Friday Buzz: Why Brand Consistency Is So Hard

Building a strong brand is an important part of growing your membership, but there are a lot of challenges along the way. Also: How to provide different online learning experiences to your members.

Are you staying true to one consistent marketing voice for your association’s brand? These days, associations face a lot of competition from the private sector, so having a recognizable brand style is more important than ever.

“People don’t necessarily think of associations as brands,” says a recent post from Member Boat, an Australian marketing agency. “Hidden behind long abbreviations, chaotic service offerings, and numerous partnerships, associations too often lose their identity.” But a strong brand persona is vital to attracting new members.

Member Boat shares a few of the challenges in keeping your brand consistent. The first is that associations offer up a lot of services. They host events, provide educational resources, do advocacy work, and act as the voice of an industry. Trying to do all of this while staying consistent isn’t easy.

Associations are also reaching out to different audiences, which presents its own branding challenges. For professional associations, their target audience may all be in the same industry, but they’re working with people across all ages and career stages. “It can be tricky to communicate with these contrasting demographics—while your goal may be to attract more young members, the older generation of your membership may not be as fond of those hip hashtags and other modern marketing methods,” says the post.

Lessons Learned

Taking online classes can feel like a solitary endeavor, but there are ways to combine traditional learning experiences with online learning efforts.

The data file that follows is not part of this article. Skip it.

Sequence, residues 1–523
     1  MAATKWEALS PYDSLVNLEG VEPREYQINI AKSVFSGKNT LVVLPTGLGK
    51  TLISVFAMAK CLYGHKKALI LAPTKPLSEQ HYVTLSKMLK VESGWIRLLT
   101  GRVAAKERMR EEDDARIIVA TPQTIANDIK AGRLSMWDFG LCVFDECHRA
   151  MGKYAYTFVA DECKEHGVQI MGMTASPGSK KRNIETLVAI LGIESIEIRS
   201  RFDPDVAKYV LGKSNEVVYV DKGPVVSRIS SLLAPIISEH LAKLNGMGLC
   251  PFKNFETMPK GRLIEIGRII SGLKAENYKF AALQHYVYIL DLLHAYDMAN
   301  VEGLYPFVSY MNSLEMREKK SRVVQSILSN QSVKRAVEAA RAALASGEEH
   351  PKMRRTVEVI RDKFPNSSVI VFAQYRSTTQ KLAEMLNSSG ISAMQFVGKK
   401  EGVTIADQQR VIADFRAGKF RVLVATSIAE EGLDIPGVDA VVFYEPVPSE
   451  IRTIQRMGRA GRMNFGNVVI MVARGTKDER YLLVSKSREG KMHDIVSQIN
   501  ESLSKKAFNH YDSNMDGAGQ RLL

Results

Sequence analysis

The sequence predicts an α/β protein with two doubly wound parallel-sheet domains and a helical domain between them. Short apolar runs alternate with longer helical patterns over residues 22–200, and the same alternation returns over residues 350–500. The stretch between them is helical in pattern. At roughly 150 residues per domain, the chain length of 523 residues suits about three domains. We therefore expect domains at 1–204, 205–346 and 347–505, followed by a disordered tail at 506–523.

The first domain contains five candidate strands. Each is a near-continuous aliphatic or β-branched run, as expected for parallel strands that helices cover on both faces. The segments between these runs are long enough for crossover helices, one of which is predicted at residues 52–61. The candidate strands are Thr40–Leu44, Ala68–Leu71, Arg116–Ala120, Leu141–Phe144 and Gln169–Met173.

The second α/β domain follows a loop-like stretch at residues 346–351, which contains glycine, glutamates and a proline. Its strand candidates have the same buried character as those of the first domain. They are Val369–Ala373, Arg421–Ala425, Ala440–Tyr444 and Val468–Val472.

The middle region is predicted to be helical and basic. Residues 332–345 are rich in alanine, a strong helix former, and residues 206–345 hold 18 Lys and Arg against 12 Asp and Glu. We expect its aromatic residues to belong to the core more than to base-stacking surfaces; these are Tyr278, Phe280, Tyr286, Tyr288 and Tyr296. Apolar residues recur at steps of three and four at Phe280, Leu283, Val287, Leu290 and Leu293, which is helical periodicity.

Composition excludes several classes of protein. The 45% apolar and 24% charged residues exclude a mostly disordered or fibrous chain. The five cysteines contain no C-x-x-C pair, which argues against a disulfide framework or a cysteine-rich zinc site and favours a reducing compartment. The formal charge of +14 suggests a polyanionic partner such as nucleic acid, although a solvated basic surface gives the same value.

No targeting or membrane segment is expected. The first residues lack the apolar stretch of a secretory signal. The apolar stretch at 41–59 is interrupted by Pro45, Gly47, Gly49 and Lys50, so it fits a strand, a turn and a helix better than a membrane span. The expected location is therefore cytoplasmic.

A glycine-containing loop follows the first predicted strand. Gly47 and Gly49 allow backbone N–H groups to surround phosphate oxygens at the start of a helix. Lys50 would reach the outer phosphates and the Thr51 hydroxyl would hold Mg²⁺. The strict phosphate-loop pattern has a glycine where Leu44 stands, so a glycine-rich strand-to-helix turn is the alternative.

The Higher Logic blog recommends webinars and online communities as a great way to provide a group learning experience. “During a webinar, participants can ask questions either verbally or through chat boxes, interacting with the presenter and their peers,” writes Julie Dietz.

Associations can also distinguish themselves by providing blended learning experiences, meaning a combination of self-study courses and group learning tools. “If you already have the tools to provide individual and group learning, then creating a blended learning experience is easy—just create e-courses that include elements from both,” writes Dietz. “This may mean that you create a single e-course that includes text documents for members to read on their own while also incorporating live webinars.”

Other Links of Note

Reddit introduces its own video player. Users of the popular community website no longer have to use a third-party platform to post a video, reports BBC News.

It’s natural to feel insecure as a leader. A Forbes contributor reveals how you can turn that fear into a benefit.

Social media plays a role in driving attendance to cultural institutions. Know Your Own Bone delves into how it affects attendee satisfaction levels.

(mattjeacock/Getty Images Plus)

Raegan Johnson

By Raegan Johnson

Raegan Johnson is a contributor to Associations Now. MORE

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